How to install jessie without systemd

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Re: How to install jessie without systemd

Postby golinux » December 2nd, 2014, 4:39 pm

cynwulf wrote:By their own admission, the fork is not yet a fork - it's yet another debian respin at the moment.

Semantics. As long as it works . . . ;)
May the FORK be with you!
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Re: How to install jessie without systemd

Postby cynwulf » December 2nd, 2014, 4:46 pm

Two different things. A fork has to go it's own way - so all infrastructure has to be forked. That is one of their stated goals, but at the moment they are a "derivative" (if that).
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Re: How to install jessie without systemd

Postby golinux » December 2nd, 2014, 5:11 pm

Yeah, of course you're right. Give it time. If systemd makes a derivative unworkable, they'll either move to a proper fork or go the way of the dodo.
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Re: How to install jessie without systemd

Postby jheaton5 » December 2nd, 2014, 5:12 pm

What is the difference in a fork and a respin?
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Re: How to install jessie without systemd

Postby cynwulf » December 2nd, 2014, 11:05 pm

A fork is where the the codebase goes off in its own direction independently. If the original project dies, the fork continues. Respins/derivatives on the other hand depend on the parent project.
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Re: How to install jessie without systemd

Postby jheaton5 » December 4th, 2014, 9:34 pm

Here is a new idea from Christian Seiler on Bug 762194 Automatic switch to systemd on wheezy->jessie upgrades
The main advice for user's upgrading that want to keep sysvinit is
currently to install the sysvinit-core package before actually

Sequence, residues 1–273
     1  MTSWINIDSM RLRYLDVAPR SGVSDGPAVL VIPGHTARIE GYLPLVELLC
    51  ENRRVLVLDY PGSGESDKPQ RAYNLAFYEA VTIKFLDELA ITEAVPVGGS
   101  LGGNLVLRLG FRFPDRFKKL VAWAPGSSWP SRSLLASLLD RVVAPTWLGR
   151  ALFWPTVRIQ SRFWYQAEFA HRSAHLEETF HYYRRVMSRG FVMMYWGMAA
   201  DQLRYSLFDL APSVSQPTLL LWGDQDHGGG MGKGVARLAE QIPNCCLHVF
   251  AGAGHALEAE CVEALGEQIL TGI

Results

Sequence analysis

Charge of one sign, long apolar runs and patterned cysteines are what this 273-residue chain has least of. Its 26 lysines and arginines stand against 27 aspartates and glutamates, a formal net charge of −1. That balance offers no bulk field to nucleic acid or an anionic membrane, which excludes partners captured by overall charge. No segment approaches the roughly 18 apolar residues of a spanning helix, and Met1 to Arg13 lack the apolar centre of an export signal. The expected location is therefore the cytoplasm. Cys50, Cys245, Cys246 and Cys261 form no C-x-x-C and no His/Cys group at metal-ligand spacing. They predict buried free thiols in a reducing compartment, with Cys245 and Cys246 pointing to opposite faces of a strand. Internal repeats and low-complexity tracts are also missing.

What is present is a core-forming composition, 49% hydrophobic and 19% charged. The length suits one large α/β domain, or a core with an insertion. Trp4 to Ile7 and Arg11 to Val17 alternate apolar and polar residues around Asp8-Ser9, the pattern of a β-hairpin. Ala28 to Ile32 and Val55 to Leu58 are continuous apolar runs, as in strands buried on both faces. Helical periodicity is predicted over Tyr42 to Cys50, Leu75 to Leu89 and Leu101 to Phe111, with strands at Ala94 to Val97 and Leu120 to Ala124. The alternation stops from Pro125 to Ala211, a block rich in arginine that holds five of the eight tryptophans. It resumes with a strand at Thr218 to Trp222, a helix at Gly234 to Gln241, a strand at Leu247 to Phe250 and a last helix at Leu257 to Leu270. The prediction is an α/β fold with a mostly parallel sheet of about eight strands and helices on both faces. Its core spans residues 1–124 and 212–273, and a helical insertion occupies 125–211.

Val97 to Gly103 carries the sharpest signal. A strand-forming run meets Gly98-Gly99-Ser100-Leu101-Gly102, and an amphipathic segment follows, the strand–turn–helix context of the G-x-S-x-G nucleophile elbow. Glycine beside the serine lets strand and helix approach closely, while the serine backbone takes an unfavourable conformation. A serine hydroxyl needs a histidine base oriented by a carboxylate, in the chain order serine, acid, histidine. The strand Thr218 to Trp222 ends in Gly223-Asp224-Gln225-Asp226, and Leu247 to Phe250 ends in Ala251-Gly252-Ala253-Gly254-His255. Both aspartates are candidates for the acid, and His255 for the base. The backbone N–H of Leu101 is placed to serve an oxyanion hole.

upgrading the rest of the system. Therefore, this behavior could be
leveraged by introducing a trivial empty package 'sysvinit-core' to
wheezy and make 'sysvinit' in wheezy depend on it.

I've tried this with the following patch to wheezy's (!) sysvinit
package:

======================================================================
--- old/debian/control 2013-07-14 19:19:01.000000000+0200
+++ new/debian/control 2014-12-04 15:14:16.569409781+0100
@@ -26,7 +26,9 @@
# For ischroot
debianutils (>= 4),
# Required for TERM=xterm switch (see #605777)
- kbdcontrol (>= 8.2+ds2-6) [kfreebsd-any]
+ kbdcontrol (>= 8.2+ds2-6) [kfreebsd-any],
+# For jessie upgrades
+ sysvinit-core
Description: System-V-like init utilities
This package contains programs required for booting
a Debian system and doing basic process management.
@@ -50,6 +52,15 @@
Specifically, this package includes:
killall5, last, lastb, mesg, pidof, service, sulogin

+Package: sysvinit-core
+Architecture: any
+Description: System-V-like init utilities
+ This package is a transitional package to facilitate transitions to
+ Debian 8 (jessie).
+ .
+ The consequence of this package is that updates to the next Debian
+ version will not change the init system.
+
Package: sysv-rc
Architecture: all
Recommends: lsb-base (>= 3.2-14)
======================================================================

This has the following consequences:

- wheezy systems running sysvinit will not switch init systems on
upgrade (tested with apt-get and aptitude on the command line),
i.e. keep sysvinit as init system

- wheezy systems running systemd-sysv (forced removal of sysvinit
essential package) will also keep their current init system, in
this case systemd

- jessie systems are unaffected, because this change is in wheezy

Therefore, if you really want to prevent init system changes from
wheezy to jessie, given the current state of affairs, this appears to
be the sanest solution, at least from a technical standpoint.
Obviously, this is someting that should probably be discussed with
the release team first, if you really intend to go that route. And
obviously, you should keep in mind that this will then only work for
people who keep their wheezy systems up-to-date.
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